It will be vital to strengthen the public official in delivering such community projects and bring back authority to plan ahead and deliver. This is the only way for consistent and sustainable development of the communities through out the country. The public can privatise these responsibilities they have to remain in the powers of the authorities.

Wednesday, 14 March 2012

Using Social Media Data for Research: The Ethical Challenges


Millions of users leave digital traces of their activities, interactions and whereabouts on the world wide web. More and more personal conversations and private messages are being shifted to these on-the-move channels of communication despite the many metadata strings attached. In recent years, the social science aspects of this data has become increasingly interesting for researchers.

Social networking services like Foursquare or Twitter provide programming interfaces for direct access to the real time data stream promoting it as free and public data. Despite signing acceptance of public rights these services have in their usage a predominantly private feel to it, creating for the user an ambivalence between voyeurism and exhibitionism.

What is the position of academic research upon using these datasources and datasets and how can academic standards be extended to cover these new and very dynamic in time and space operating information streams whilst protecting individual users privacy and respecting a high ethical standard?

In this presentation the use of digital social networks data will be discussed both from a user and from a processing for research standpoint. Examples of data mining and visualisation will be explained in detail developing a framework for working standards.

This talk will be presented at the lunchtime seminar at CRASSH, University of Cambridge, today 2012-03-14, 12h00-14h00, Seminar Room 1, Alison Richard Building, 7 West Road. The second speaker is Dr Sharath Srinivasan (Centre of Governance and Human Rights, POLIS).


Monday, 12 March 2012

Book - Infrastructure as Architecture


Infrastructure projects have grown into an important role in the public realm taking more and more responsibility in a social context. Over the past arguably hundred years more and more emphasis has be put in to infrastructure, being it transport services and facilities.

As a modernists take on the city technology was to be placed as the driving force behind planning and this of course shall also include infrastructural project. In fact especially here technology could be implemented with the help of additional arguments. Today, infrastructure is running as flag ship projects in many cases being put forward as statements both public and design wise.

Infrastructure as architecture
Image taken from dpr-barcelona / Hans Hollein Aircraft carrier city in landscape, project. Aerial perspective.

The Jovis publication Infrastructure as Architecture: Designing Composite Networks, edited by Katrina Stoll and Scott Lloyd takes a detailed look at this position infrastructure has grown into and how architecture relates to it, thus implying that design has to learn from both in order to support a new take on projects.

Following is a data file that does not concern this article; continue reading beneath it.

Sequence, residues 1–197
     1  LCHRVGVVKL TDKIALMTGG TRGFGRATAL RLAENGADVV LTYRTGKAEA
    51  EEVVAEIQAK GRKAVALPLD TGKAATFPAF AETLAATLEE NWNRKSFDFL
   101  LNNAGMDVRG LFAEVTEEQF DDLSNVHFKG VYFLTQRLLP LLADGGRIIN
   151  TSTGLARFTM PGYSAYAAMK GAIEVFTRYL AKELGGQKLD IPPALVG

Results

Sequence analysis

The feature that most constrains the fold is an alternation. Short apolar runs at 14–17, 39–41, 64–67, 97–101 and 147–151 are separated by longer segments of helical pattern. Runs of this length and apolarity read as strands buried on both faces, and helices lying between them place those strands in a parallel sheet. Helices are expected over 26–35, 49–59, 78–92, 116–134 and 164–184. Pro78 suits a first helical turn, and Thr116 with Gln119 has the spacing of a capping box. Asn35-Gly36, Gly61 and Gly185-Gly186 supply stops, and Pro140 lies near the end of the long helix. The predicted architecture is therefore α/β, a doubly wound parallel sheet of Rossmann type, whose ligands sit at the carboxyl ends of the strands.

The publication discusses the matter in essays organised in five topics. These are: Infrastructure Economy, Infrastructure Ecology, Infrastructure Culture, Infrastructure Politics and Infrastructure Space/Networks. Contributors include for example Dana Cuff from UCLA, LateralOffice, UrbanLAB, Alexander D'Hooghe and MVRDV.

The essays cover a range of topics and reach from the presentation of practical projects, built and planned to theoretical essays of the discussion. Thus there is a wealth of different views that are, as the editors argue: 'providing a framework for understanding the union of infrastructure and architecture'.

Of course it is on one hand a secret claim to but architects in the position to take on and reclaim design agency over infrastructure projects, but more importantly to discuss the dualities of presence and identity of building projects regardless of their function.

It is superbly interesting how this publication argues for a new take on infrastructure and how the argumentation might actually be point out what practice has already incorporated. Whilst the discussions around the relationships infrastructure is bedded into in the urban system is not new, there is a new approach being argued for. Modernists have taken it on at the beginning of the last century and in the 60s the Smithsons and Team X proposed a new take. More and more it grew into a systemic approach and whilst before it was always one or the other it is now being argued for as both, one and the other.

Appleyard and Lynch in A view from the Road already note that the road is producing scenery for the driver and the passengers it is at the same time dominating the landscape as a static bulky object. Alexander D'Hoogh is especially arguing for this in his essay contribution o the publication: The Objectification of Infrastructure: The cultural project of suburban infrastructure design.
This dualism of producing and being is the new aspect in this publication, but probably could in fact reach beyond. Testing this against current trends might revel a deeper interest of our times in this dualism and the fact that problems could have more than one state.

Infrastructure as architecture
Image taken from jonathandsolomon.com / Book cover. A preview of the publication is available from Jovis HERE. The Essay by Jonathan Solomon is available HERE.


Stoll, K. & Lloyd, S., 2010. Infrastructure as Architecture: Designing Composite Networks, Berlin: Jovis Verlag.

Tuesday, 6 March 2012

Book - Housing Design


Housing design is the one field of architecture arguably being the most accepted core activity of architects. Building houses is architecture as such. The recent NAi publisher book Housing Design: A Manual by Bernhard Leupen and Harald Mooij is published in a second English edition. It picks up on the is core and very traditional architecture activity of building a house and presents designs across a wide range of types in a cultural context.